Get this crazy baby off my head!


The Groundhogs

The Groundhogs - Hoggin' the Stage - 1995 - Receiver

A brilliant live recording from the Groundhogs. This album was originally released as a double LP, on the Psycho label in 1984, with live recordings from Leeds, and London in 1971, and Stockholm in 1976. This album had the extra tracks, "Live Right," and "Love You Miss Ogyny." It also included an EP, with the tracks, " Cherry Red/Split Part 2," and "Light My Light." The album was also released in 2006, on the Talking Elephant label as "Hoggin' the Stage Plus" with 15 tracks, including live bonus material. The Groundhogs began in 1964, when Tony McPhee and Pete Cruikshank formed John Lee's Groundhogs to back John Lee Hooker on a British tour. They released the great blues album, Blues Obituary, in 1969. After that, they became more heavy prog rock orientated, and, starting with 1970's Thank Christ For The Bomb, they had three Top Ten albums during the early Seventies. The Groundhogs never achieved the status of many far less talented bands, but they are a very important part of psychedelic / blues / progressive rock. Check out Tony McPhee's 1973 "Two Sides of Tony McPhee " album, and buy The Groundhog's great 1972 album, "Who Will Save the World? The Mighty Groundhogs." There is info on the Groundhogs rare "Extremely Live" 1988 album @ GHOGS/EXLIVE and Tony McPhee's "Foolish Pride" album @ TMCPHEE/FP Read about this great underrated band @ GHOGS/BIO/WIKI


1 Cherry Red McPhee - Recorded Live in Leeds, 13/3/1971
2 Garden McPhee- Recorded Live in Leeds, 13/3/1971
3 Split, Pt. 1 McPhee- Recorded Live in Leeds, 13/3/1971
4 Groundhog Blues Davenport- Recorded Live in Leeds, 13/3/1971
5 Eccentric Man McPhee - Recorded Live in Stockholm, 1976
6 Split, Pt. 2 McPhee- Recorded Live in Stockholm, 1976
7 Mistreated Townsend - Recorded Live In London, 1971
8 Still a Fool Waters -- Recorded Live In London, 1971
9 Boogie With Us McPhee - Recorded Live in Stockholm, 1976
10 Your Love Keeps Me Alive McPhee - Recorded Live in Stockholm, 1976


Rick Adams - Guitar (Stockholm)
Mick Cook - Drums (Stockholm)
Pete Cruickshank - Bass (Leeds/London)
Ken Pustelnik - Drums (Leeds/London)
Martin Kent - Bass (Stockholm)
Tony McPhee - Guitar/Vocals


The Groundhogs were not British blues at their most creative; nor were they British blues at their most generic. They were emblematic of some of the genre's most visible strengths and weaknesses. They were prone to jam too long on basic riffs, they couldn't hold a candle to American blues singers in terms of vocal presence, and their songwriting wasn't so hot. On the other hand, they did sometimes stretch the form in unexpected ways, usually at the hands of their creative force, guitarist/songwriter/vocalist T.S. (Tony) McPhee. For a while they were also extremely popular in Britain, landing three albums in that country's Top Ten in the early '70s. The Groundhogs' roots actually stretch back to the mid-'60s, when McPhee helped form the group, named after a John Lee Hooker song (the band was also known briefly as John Lee's Groundhogs). In fact, the Groundhogs would back Hooker himself on some of the blues singer's mid-'60s British shows, and also back him on record on an obscure LP. They also recorded a few very obscure singles with a much more prominent R&B/soul influence than their later work. In 1966, the Groundhogs evolved into Herbal Mixture, which (as if you couldn't guess from the name) had more of a psychedelic flavor than a blues one. Their sole single, "Machines," would actually appear on psychedelic rarity compilations decades later. The Groundhogs/Herbal Mixture singles, along with some unreleased material, has been compiled on a reissue CD on Distortions. After Herbal Mixture folded, McPhee had a stint with the John Dummer Blues Band before reforming the Groundhogs in the late '60s at the instigation of United Artists A&R man Andrew Lauder. Initially a quartet (bassist Pete Cruickshank also remained from the original Groundhogs lineup), they'd stripped down to a trio by the time of their commercial breakthrough, Thank Christ for the Bomb, which made the U.K. Top Ten in 1970. The Groundhogs' power-trio setup, as well as McPhee's vaguely Jack Bruce-like vocals, bore a passing resemblance to the sound pioneered by Cream. They were blunter and less inventive than Cream, but often strained against the limitations of conventional 12-bar blues with twisting riffs and unexpected grinding chord changes. McPhee's lyrics, particularly on Thank Christ for the Bomb, were murky, sullen anti-establishment statements that were often difficult to decipher, both in meaning and actual content. They played it straighter on the less sophisticated follow-up, Split, which succumbed to some of the period's blues-hard-rock indulgences, putting riffs and flash over substance. McPhee was always at the very least an impressive guitarist, and a very versatile one, accomplished in electric, acoustic, and slide styles. Who Will Save the World? The Mighty Groundhogs! (1972), their last Top Ten entry, saw McPhee straying further from blues territory into somewhat progressive realms, even adding some mellotron and harmonium (though the results were not wholly unsuccessful). The Groundhogs never became well-known in the U.S., where somewhat similar groups like Ten Years After were much bigger. Although McPhee and the band have meant little in commercial or critical terms in their native country since the early '70s, they've remained active as a touring and recording unit since then, playing to a small following in the U.K. and Europe. Richie Unterberger, allmusic.com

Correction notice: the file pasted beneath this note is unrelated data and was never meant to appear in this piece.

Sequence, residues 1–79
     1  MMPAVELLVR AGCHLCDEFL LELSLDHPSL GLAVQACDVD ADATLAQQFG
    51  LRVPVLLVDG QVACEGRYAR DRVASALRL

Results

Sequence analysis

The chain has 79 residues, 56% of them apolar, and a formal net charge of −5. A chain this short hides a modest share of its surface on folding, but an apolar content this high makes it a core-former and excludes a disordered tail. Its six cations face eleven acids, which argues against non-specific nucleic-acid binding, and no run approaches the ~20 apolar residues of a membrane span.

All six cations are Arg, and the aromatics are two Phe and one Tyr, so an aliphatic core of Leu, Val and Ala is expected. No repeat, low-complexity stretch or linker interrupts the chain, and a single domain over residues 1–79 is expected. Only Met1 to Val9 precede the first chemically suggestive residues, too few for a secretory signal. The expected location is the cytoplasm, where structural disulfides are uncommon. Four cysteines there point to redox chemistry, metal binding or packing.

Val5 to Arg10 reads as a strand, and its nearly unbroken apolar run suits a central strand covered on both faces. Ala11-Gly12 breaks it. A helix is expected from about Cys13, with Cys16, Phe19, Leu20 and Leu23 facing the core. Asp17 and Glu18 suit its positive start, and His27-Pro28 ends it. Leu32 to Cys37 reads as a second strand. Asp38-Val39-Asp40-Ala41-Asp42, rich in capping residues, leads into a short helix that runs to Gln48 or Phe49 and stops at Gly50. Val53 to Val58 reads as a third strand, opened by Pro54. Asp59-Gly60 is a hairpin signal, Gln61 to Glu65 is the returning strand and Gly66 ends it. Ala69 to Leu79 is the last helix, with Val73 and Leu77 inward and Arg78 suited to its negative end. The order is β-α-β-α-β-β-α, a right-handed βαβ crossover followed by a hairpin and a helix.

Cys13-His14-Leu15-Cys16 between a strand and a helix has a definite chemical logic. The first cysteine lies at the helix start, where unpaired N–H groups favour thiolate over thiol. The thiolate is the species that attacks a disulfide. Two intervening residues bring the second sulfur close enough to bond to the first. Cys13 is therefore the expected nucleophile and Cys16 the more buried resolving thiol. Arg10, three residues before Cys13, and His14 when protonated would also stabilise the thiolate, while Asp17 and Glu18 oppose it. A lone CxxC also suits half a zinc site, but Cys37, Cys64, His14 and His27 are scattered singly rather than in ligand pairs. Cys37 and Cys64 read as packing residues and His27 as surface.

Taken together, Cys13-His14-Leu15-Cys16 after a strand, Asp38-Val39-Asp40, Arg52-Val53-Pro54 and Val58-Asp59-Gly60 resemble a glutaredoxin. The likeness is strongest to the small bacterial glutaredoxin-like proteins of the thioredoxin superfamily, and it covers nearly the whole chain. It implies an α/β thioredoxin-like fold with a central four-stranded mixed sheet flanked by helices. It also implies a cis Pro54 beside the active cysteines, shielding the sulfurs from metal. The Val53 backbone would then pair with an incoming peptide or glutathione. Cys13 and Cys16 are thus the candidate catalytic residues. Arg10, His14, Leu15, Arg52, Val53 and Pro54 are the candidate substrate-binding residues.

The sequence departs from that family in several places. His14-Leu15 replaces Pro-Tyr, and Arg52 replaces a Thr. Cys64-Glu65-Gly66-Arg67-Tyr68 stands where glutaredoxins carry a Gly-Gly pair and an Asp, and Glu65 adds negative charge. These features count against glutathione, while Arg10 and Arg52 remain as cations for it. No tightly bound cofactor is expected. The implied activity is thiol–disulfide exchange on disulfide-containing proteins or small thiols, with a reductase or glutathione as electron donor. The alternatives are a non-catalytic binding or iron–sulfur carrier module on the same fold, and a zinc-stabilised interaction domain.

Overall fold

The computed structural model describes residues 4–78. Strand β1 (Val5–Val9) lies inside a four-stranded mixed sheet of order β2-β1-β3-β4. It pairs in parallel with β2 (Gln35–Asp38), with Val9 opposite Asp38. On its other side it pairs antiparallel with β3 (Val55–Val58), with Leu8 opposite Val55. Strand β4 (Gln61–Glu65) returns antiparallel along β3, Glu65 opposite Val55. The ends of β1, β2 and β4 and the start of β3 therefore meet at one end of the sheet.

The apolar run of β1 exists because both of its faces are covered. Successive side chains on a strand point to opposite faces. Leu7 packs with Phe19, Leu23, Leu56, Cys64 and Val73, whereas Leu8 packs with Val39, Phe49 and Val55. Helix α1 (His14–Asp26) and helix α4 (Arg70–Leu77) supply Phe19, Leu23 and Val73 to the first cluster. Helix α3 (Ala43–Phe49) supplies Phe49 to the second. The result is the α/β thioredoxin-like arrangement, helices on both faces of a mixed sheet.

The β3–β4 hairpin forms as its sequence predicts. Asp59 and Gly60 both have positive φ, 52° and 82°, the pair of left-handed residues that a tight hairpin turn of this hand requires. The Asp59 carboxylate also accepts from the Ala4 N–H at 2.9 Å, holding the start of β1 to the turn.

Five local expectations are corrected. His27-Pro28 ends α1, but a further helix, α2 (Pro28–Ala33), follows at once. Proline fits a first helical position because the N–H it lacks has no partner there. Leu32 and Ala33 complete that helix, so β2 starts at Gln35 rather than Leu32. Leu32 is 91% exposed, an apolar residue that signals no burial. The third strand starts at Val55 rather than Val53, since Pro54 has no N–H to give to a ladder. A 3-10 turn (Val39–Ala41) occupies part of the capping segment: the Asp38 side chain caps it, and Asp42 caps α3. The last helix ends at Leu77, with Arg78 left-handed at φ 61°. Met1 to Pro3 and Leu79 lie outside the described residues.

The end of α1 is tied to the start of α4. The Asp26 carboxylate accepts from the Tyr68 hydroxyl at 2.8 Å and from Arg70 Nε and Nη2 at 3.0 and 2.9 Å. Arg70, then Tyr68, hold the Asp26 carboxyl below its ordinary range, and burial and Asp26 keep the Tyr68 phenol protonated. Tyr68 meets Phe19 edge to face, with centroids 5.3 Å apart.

bullfrog said...

dead link, will you please re-post, thanks

A.O.O.F.C said...

Hi,bullfrog. LINKS @

Fileserve link is best

Thanks to original uploader